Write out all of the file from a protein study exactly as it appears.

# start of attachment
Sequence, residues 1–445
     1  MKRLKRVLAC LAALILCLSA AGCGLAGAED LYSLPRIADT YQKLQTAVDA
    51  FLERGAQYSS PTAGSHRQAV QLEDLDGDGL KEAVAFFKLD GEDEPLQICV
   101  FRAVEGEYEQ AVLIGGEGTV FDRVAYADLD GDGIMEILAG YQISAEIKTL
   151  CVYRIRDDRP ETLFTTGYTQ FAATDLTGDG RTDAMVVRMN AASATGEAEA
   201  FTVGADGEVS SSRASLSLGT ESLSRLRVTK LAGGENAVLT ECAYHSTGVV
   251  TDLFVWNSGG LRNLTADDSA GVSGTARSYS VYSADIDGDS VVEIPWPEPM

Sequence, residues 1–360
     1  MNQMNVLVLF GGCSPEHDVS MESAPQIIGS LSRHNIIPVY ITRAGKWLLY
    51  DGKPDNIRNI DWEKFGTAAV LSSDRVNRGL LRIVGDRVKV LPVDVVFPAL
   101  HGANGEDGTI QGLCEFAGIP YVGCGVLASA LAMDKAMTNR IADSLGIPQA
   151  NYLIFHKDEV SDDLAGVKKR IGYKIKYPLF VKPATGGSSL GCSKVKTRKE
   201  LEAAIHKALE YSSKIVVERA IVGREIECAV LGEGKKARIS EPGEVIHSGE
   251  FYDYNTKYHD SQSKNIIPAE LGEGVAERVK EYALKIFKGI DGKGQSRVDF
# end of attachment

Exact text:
Sequence, residues 1–445
     1  MKRLKRVLAC LAALILCLSA AGCGLAGAED LYSLPRIADT YQKLQTAVDA
    51  FLERGAQYSS PTAGSHRQAV QLEDLDGDGL KEAVAFFKLD GEDEPLQICV
   101  FRAVEGEYEQ AVLIGGEGTV FDRVAYADLD GDGIMEILAG YQISAEIKTL
   151  CVYRIRDDRP ETLFTTGYTQ FAATDLTGDG RTDAMVVRMN AASATGEAEA
   201  FTVGADGEVS SSRASLSLGT ESLSRLRVTK LAGGENAVLT ECAYHSTGVV
   251  TDLFVWNSGG LRNLTADDSA GVSGTARSYS VYSADIDGDS VVEIPWPEPM

Sequence, residues 1–360
     1  MNQMNVLVLF GGCSPEHDVS MESAPQIIGS LSRHNIIPVY ITRAGKWLLY
    51  DGKPDNIRNI DWEKFGTAAV LSSDRVNRGL LRIVGDRVKV LPVDVVFPAL
   101  HGANGEDGTI QGLCEFAGIP YVGCGVLASA LAMDKAMTNR IADSLGIPQA
   151  NYLIFHKDEV SDDLAGVKKR IGYKIKYPLF VKPATGGSSL GCSKVKTRKE
   201  LEAAIHKALE YSSKIVVERA IVGREIECAV LGEGKKARIS EPGEVIHSGE
   251  FYDYNTKYHD SQSKNIIPAE LGEGVAERVK EYALKIFKGI DGKGQSRVDF